Good point. Presently among the 15 teams in the ACC, there are six former Big East teams: Pitt, Syracuse, Notre Dame, Miami, Boston College and Virginia Tech. When Louisville replaces Maryland next year there will be seven, which means there will be more former Big East teams in the ACC than there are original members of the ACC.
Think about it. The eight original ACC schools were: Maryland, Virginia, North Carolina, Duke, Wake Forest, N.C. State, Clemson and South Carolina.
“Maybe we should change the name [of the ACC],” Dixon joked. “Call it the Yankee Conference.”
Obviously, that didn’t go over very well.
Coach Dixon doesn’t have the cantankerous, old-man quality of Syracuse Coach Jim Boeheim, and he makes these comments with a smile on his face. Still, Dixon is clearly not buying into the how the ACC is some scary, tough, new conference. With good reason.
Dixon agrees that it is the best league right now but he is cautious about declaring it the best ever because the Big East has had some special seasons.
“The one year we had three No. 1 seeds, another year we had 11 teams make the field and the team that finished in ninth place [Connecticut] won the national championship,” Dixon said. “So, we have a lot of work to do and we have to go out and win games in order to reach that level. But the potential is here and the teams are here, it is just a matter of going out and doing it.”
And style of play doesn’t phase him. After all, Tony Bennett coaches at Virginia is really the simplest response to that argument.
Dixon contends that people who say his defensive style does not fit in with the way ACC games are played really haven’t looked at the numbers and, more important, don’t understand that a league of 15 teams is going to have teams that play many different styles.
“I’ve looked at the numbers, numbers of possessions, scoring numbers and I know people keep saying this stuff about the ACC playing the game differently, but it really is a case of people not letting the facts get in the way of a good story,” Dixon said. “I looked at all of the offensive numbers, and it just isn’t the case. There are a few outliers — like North Carolina — but the style of play in the ACC isn’t that much different than the Big East.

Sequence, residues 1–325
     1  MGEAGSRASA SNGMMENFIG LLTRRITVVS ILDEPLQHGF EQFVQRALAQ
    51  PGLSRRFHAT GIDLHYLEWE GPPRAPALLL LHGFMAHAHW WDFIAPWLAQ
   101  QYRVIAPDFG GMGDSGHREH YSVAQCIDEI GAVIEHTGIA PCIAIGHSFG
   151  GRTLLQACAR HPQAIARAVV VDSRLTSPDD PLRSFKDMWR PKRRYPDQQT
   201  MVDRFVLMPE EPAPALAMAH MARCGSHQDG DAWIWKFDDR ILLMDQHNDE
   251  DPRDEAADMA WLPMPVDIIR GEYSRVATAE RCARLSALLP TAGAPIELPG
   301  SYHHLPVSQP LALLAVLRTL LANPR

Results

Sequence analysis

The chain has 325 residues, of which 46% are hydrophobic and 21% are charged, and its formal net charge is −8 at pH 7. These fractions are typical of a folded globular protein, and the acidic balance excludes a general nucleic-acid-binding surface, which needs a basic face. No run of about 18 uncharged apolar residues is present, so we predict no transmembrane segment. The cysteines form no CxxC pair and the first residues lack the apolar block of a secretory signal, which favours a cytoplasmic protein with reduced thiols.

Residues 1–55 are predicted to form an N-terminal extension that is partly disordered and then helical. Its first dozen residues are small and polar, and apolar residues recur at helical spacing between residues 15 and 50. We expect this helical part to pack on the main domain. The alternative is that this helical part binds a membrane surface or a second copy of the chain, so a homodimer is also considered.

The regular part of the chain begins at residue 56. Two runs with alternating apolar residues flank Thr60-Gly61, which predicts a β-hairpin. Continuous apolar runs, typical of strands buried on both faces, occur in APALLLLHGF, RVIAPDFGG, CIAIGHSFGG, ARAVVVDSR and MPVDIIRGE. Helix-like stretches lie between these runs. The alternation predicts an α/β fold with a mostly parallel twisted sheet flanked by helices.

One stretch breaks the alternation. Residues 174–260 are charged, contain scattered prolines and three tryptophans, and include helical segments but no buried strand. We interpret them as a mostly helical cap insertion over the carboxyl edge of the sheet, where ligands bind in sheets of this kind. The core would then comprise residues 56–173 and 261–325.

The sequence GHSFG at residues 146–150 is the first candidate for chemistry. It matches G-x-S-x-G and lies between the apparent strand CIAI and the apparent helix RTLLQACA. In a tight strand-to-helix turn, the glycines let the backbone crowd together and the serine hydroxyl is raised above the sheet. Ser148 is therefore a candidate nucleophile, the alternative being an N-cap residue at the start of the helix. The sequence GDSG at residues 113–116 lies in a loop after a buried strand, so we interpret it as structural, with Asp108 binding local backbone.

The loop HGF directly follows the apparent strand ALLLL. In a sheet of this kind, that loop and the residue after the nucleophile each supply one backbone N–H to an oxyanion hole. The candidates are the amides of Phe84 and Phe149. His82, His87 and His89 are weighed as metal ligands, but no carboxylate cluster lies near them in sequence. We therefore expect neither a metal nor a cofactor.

“I even fell into it myself when I was convinced that Miami last year was a transition team that ran up and down, but the reality is they were last in the league in possessions per game and played slower than just about everyone in the league.”
Dixon said he has had to battle against this line of thinking while recruiting when players have voiced concerns about the Panthers’ style of play on offense and how it might not be a good fit for the ACC.
His answer is always the same: Look at the numbers and the numbers tell a different story.
“I’ll talk to these recruits, and they will tell me about how much different or how much more they’ll get to score at another school, and I’ll say to them ‘Well, we actually scored more points per game than they did,’ ” Dixon said. “So that is something that people say, but I don’t think it will be an adjustment and for the reason I just said — when you play in a big conference with a lot of teams you will see everything.”
It apparently convinced Damon Wilson.
Finally, take some time out of your day to read this longish feature on Ricardo Greer and his Euroleague career (hattip to Shawn for this one). Great writing. Great story. Greer carried that Pitt team in his final couple years as the Panthers transitioned from the Willard Error to the Howland time. He did everything for Pitt. Especially in his senior year.